Since there was too much to say from last time, I'm continuing thoughts on drawing Analytics conclusions today.
Crap. Bounce rate went up.
- Did it increase drastically? For the most part, bounce rates don't change more than a few percent unless something major happened. Did you get a powerful link that brought in ton of traffic? (In which case, maybe the call-to-action on that page wasn't strong enough.)
- Does your website have a blog, or is it a blog? Blogs tend to have excruciatingly high bounce rates, since individual blogposts answer a question and once the question is answered, the visitor will move on. The key for a blog: is your high bounce rate coupled with a high new visits rate and/or a low subscription number? If visitors never return (your new visits rate is high), then you need to work to bring it down. Likewise with subscription rates – what can you do to make people subscribe? Sometimes it's as simple as making a call-to-action to subscribe a little more “in your face”.
Yes! Bounce rate went down!
- Like pageviews, a decrease in bounce rate can sometimes be a negative thing. Is it difficult for people to find what they want so they have to visit multiple pages?
- Did you start displaying your phone number prominently? We've become a web-based world, but that doesn't mean people don't pick up the phone anymore. Many companies actually prefer to be contacted by phone, by burying any web-based means of contact and displaying phone number in the forefront. In this case, the call-to-action is to call so a low bounce rate (hopefully) means they took that action. By creating a means of measurement for this (by using a service for it), you'll be able to successfully track this assumption.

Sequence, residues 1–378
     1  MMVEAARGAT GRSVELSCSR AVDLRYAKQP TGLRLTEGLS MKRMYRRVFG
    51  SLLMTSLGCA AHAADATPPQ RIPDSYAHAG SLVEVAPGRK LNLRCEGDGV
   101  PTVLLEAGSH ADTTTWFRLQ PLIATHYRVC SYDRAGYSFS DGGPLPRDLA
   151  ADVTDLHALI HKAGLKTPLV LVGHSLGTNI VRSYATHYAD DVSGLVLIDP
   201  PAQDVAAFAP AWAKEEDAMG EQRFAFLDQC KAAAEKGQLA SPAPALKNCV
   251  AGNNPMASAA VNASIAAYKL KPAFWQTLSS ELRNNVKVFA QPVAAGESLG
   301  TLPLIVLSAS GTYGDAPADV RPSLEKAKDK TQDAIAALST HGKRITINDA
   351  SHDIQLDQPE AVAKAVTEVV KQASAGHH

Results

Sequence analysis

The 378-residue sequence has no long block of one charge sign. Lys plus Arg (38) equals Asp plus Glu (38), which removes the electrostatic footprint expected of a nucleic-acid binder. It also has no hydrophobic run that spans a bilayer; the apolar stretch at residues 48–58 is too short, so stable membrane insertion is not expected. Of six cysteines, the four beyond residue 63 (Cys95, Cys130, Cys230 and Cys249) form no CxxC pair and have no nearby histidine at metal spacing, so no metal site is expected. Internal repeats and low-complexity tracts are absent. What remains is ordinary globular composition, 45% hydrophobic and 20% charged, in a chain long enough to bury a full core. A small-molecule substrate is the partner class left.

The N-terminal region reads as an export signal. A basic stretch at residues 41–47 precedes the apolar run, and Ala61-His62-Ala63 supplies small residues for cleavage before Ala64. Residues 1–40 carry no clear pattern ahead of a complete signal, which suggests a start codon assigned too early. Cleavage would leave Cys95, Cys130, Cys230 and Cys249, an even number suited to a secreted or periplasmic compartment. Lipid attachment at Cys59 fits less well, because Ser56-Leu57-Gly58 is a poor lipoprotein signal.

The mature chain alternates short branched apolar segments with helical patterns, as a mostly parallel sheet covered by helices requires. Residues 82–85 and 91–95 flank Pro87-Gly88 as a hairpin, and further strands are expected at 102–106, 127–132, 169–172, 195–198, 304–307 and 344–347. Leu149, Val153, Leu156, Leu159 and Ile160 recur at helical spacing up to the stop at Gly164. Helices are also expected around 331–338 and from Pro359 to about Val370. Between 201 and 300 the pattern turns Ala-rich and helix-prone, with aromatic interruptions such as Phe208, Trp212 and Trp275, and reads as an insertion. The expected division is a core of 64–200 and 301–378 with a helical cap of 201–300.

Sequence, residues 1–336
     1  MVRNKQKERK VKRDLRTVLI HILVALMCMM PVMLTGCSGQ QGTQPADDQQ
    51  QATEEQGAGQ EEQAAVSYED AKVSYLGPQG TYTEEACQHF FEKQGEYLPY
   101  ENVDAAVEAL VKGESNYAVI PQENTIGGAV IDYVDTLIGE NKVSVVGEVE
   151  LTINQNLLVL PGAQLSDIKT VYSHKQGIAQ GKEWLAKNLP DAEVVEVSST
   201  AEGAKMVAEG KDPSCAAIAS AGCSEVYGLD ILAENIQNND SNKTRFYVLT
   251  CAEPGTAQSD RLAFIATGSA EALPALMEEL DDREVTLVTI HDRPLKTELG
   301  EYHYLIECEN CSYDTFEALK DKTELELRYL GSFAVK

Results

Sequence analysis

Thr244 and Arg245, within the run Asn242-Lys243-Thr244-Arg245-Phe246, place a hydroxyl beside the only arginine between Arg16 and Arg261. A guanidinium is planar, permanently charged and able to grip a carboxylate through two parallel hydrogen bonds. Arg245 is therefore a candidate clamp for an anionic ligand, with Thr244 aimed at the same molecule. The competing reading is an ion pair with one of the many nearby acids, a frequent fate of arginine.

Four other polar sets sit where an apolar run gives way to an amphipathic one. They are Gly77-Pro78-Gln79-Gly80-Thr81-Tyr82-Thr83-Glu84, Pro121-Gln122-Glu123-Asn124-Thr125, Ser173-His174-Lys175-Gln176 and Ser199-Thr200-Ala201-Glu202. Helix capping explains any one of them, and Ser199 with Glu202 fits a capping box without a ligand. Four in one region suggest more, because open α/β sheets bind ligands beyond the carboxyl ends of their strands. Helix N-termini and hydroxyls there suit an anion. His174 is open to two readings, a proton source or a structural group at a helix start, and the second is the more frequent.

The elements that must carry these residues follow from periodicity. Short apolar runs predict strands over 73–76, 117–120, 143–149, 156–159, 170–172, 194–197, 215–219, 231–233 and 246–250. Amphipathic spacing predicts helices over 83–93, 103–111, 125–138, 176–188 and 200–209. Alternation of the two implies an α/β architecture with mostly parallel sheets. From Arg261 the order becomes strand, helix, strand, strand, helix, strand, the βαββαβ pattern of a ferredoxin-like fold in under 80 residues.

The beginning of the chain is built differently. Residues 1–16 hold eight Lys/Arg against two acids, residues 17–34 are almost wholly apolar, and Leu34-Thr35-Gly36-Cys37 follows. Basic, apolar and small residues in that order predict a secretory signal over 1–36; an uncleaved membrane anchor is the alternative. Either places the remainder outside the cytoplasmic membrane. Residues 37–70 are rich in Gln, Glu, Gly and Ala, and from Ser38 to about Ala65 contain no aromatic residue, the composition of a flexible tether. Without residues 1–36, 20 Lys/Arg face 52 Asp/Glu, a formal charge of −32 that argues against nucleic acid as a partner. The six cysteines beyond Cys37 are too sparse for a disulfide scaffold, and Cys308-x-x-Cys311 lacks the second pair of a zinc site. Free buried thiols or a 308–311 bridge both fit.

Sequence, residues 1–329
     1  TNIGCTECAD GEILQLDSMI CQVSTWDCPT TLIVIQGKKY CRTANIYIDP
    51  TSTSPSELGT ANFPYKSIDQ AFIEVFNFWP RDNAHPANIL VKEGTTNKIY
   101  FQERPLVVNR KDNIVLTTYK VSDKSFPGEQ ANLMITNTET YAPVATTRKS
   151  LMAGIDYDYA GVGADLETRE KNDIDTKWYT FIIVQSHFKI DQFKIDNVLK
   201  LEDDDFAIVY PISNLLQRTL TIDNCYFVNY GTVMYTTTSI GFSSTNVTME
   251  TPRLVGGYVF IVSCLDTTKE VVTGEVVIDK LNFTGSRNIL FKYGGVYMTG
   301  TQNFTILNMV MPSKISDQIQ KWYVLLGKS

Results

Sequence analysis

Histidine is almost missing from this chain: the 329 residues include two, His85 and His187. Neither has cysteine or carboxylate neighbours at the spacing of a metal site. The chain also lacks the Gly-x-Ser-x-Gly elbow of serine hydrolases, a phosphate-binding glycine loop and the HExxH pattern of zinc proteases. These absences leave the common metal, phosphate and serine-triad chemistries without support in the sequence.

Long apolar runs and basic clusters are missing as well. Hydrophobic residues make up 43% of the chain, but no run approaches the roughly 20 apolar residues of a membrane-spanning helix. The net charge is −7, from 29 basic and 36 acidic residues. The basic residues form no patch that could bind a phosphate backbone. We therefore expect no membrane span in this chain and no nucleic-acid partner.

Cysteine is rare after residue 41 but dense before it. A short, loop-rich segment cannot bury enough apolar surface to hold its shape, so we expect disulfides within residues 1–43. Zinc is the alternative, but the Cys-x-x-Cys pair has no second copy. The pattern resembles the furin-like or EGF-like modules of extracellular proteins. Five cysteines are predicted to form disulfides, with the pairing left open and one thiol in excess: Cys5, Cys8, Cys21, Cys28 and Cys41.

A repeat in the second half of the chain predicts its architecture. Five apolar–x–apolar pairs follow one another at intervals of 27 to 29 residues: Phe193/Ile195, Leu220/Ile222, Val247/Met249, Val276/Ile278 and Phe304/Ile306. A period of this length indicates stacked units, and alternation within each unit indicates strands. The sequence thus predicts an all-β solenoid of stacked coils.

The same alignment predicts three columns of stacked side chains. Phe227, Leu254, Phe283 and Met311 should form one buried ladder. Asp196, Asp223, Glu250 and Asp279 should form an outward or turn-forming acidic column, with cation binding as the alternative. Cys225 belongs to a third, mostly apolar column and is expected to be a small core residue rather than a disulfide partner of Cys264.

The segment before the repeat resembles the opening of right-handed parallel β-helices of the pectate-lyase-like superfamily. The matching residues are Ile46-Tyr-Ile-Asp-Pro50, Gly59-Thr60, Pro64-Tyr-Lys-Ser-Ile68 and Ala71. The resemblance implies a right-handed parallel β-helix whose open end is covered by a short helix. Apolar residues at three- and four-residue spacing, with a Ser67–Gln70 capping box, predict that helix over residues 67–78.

A note on bounce rates: good vs. bad bounce rates depend heavily on your industry, as well as website vs. blogs. The flyte website typically stays around a 75% bounce rate, this blog about an 80% bounce rate. I've seen them get as low as 20-30%, typically in the hotel/inn industry.
Average Time on Site
Crap. Average time on site went down.
- Are your conversions going down too? Then you might have an issue on your hands. If people are spending less time on the site, and not doing what you want them to do while they're there, take a look at your top landing pages and optimize them in order of popularity. Take time to make your call-to-action bold and attractive.
- Did pageviews also go down? That might not be a bad thing. Did you add a better call-to-action? Check your conversions. They might be up!
Yes! Average time on site went up!
- Has bounce rate also gone up? Then there might be a problem. Luckily, people are still taking the time to look for what they need; but then they're leaving. Make it easy for your visitors with easy-to-use navigation and, can't say it enough, your call-to-action.
- Add a really popular new page or blog post? Or perhaps you have a great new incoming link? In that case, people are actually reading what you write – which is fantastic! (Find out which page/post it is by sorting your top content by time on site.)
Crap. New visits went down.
- First decide: do you want new visitors? If the answer is “yes”, then have you been writing articles? Blog posts? New content? That's where you should start. Then, try social media and social bookmarking. You'll reach new audiences (nearly) every day there).
- If you want to keep your old visitors coming back, give them a reason to. Add a blog, or a section that changes often. Maybe an email newsletter is the answer: incorporating links to keep your visitors hungry for more.
Yes! New visits went up!
- Have you been active on social media or social bookmarking sites? Make sure you're well aware of any pages that go viral (and thank folks who might have ReTweeted you 😉 .)
- Check your traffic sources for where these new visitors are coming from. That should share even more insight.
Google Analytics isn't perfect and you can't see why every visitor does what they do on your website. But, you can get a great picture and even gain a lot of insight.